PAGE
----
Victimhood: A Swath Of Destruction

By Greg Baer M.D.

August 9, 2017

Marriage, Personal Growth

When Stacy and Hank were married, their hopes were electrifying and contagious. They were bright, educated, and physically attractive. No one at the wedding had the slightest doubt whether these two would have a rich and fulfilling marriage.

In the beginning, it seemed as though the forecasts would be true, but as is always the case with Imitation Love, inequities developed. Hank didn't find Stacy as sexually exciting as she had been in the beginning, and Stacy didn't feel as emotionally safe or nurtured by Hank. These disappointments are very common in relationships, but they're also devastating. They both took their frustrations quite personally, as almost all couples do.

After the birth of their first child, Stacy essentially disappeared from the marriage. She devoted all her efforts toward the care of this child and the two more who followed. Many parents—especially mothers—fall for this seduction. Children are easier to control than adults—as well as being safer—so many mothers focus their efforts where the reward is greatest for the time and effort invested.

Hank naturally resented the withdrawal of Stacy's emotional, physical, and sexual presence, and he expressed that resentment on many occasions. Stacy felt attacked and withdrew even further, and so the cycle of misery steadily worsened.

When people get married, their expectations are very high that their partner will provide the happiness they've never found in any other way or place. When these enormous expectations are not realized, many people become very disappointed, angry, disillusioned, and even bitter. They feel betrayed and victimized.

Hank studied Real Love and realized that he had not been unconditionally loving toward Stacy. He shared this recognition with her, and initially she was touched by his honesty and was relieved to finally understand what had happened in their marriage. But Stacy also expected that Hank would immediately make up for the past and become a perfectly accepting and nurturing partner.

Such an expectation is entirely unreasonable, but Stacy was driven by her neediness, not by reason. Hank's abilities to be loving lagged far behind his insights—as abilities always do—so once again Stacy felt betrayed and vigorously refused his invitations to participate in any Real Love efforts. Hank continued his attempts to be unconditionally loving, but Stacy was thoroughly jaded and only rejected him all the more.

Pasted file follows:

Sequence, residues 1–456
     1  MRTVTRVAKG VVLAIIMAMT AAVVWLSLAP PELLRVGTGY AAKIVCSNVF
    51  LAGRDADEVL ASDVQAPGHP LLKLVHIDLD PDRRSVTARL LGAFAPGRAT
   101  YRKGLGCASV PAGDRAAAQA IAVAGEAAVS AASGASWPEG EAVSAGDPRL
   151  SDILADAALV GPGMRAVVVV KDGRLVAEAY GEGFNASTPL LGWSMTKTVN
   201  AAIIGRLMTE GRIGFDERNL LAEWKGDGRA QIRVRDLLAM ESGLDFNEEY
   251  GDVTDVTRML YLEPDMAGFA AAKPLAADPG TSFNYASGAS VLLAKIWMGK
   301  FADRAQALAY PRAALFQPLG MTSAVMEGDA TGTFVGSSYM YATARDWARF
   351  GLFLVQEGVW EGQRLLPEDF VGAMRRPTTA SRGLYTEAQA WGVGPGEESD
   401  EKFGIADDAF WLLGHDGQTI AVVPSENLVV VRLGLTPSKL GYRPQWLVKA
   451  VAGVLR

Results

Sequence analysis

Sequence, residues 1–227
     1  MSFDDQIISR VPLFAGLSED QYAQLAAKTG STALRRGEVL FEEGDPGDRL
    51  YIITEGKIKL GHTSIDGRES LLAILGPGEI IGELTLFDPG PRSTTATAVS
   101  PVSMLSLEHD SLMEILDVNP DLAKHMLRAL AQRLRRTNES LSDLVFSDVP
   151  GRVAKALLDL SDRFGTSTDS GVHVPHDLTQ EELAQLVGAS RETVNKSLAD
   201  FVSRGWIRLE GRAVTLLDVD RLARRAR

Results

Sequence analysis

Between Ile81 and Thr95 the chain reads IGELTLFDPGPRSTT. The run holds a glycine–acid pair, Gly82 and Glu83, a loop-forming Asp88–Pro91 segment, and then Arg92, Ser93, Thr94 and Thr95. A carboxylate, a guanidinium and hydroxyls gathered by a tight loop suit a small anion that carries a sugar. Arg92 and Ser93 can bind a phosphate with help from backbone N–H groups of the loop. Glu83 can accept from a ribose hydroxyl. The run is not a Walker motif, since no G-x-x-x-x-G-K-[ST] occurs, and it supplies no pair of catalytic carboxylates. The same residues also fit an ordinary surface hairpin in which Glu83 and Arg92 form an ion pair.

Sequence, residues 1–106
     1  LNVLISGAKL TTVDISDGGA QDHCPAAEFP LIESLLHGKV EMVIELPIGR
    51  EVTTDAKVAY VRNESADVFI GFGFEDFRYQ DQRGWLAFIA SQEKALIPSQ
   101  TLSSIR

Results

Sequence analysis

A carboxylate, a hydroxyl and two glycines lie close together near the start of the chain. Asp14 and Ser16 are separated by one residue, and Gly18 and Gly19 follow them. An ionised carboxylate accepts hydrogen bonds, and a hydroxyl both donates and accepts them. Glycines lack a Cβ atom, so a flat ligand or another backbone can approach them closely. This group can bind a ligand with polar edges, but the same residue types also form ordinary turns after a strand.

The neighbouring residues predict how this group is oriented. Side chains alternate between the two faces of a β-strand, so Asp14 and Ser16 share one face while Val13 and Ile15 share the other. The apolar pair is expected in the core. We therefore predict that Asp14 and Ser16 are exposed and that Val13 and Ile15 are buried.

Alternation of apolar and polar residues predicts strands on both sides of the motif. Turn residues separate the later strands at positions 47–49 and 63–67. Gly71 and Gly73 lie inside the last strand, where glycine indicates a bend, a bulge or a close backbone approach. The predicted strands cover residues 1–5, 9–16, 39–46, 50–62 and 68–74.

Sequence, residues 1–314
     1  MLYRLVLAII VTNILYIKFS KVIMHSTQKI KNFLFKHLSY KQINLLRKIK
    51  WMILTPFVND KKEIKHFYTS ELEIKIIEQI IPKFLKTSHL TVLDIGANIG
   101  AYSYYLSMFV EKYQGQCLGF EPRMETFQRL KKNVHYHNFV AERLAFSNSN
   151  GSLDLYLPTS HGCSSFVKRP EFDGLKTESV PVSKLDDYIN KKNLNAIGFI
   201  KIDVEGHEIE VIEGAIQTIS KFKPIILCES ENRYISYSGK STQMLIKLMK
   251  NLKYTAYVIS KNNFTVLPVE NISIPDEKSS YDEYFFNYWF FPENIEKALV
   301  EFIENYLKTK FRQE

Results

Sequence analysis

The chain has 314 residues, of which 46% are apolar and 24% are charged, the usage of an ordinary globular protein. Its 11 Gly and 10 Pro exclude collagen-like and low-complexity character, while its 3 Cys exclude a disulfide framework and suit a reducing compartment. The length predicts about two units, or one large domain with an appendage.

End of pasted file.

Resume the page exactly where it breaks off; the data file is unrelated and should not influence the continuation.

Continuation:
Although they were both imperfect in their ability to love, Hank was really trying hard to be loving in his marriage, while Stacy's efforts were confined to being right, feeling victimized, and rejecting anything Hank tried. Eventually—after more than two years of Hank's working with Stacy—it became apparent that they were on entirely different courses in life, and they separated. Hank continued to work with wise men and women, eager to learn how he could be more loving to Stacy and his children. Stacy, on the other hand, went out of her way to spread exaggerated and even false stories of Hank's villainy, and it wasn't long before she had alienated his parents, siblings, children, other relatives, and friends from him.

As they were making final negotiations for permanent separation, child support, and division of property, Stacy said, "I can't believe this is happening." This is a typical attitude from victims. They deny all responsibility for their choices and the consequences of them, choosing instead to believe that people, things, and situations do things to them.

Hank certainly made plenty of mistakes, before and after learning about Real Love, but Stacy's choice to feel and act like a victim was fatal. She preferred being right to finding love and healing, and she came up with justifications for everything she did to destroy Hank in every possible way. With the simple choice of being a victim—which was pointed out to her on many occasions by wise men and women—she made her own happiness impossible and severely affected the happiness of a great many others.

Victims cannot learn, they can't grow, and they can't be happy. Never content with their own personal destruction, however, they are determined to spread their misery to every person in their sphere of influence. It's a horrifying way to live, and if we're not very careful to watch for this trait in ourselves, it can sneak up from behind and consume us.

Real Love and Freedom for the Soul

Replace your victimhood with peace and happiness.


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About the author 

Greg Baer, M.D.

I am the founder of The Real Love® Company, Inc, a non-profit organization. Following the sale of my successful ophthalmology practice I have dedicated the past 25 years to teaching people a remarkable process that replaces all of life's "crazy" with peace, confidence and meaning in various aspects of their personal lives, including parenting, marriages, the workplace and more.

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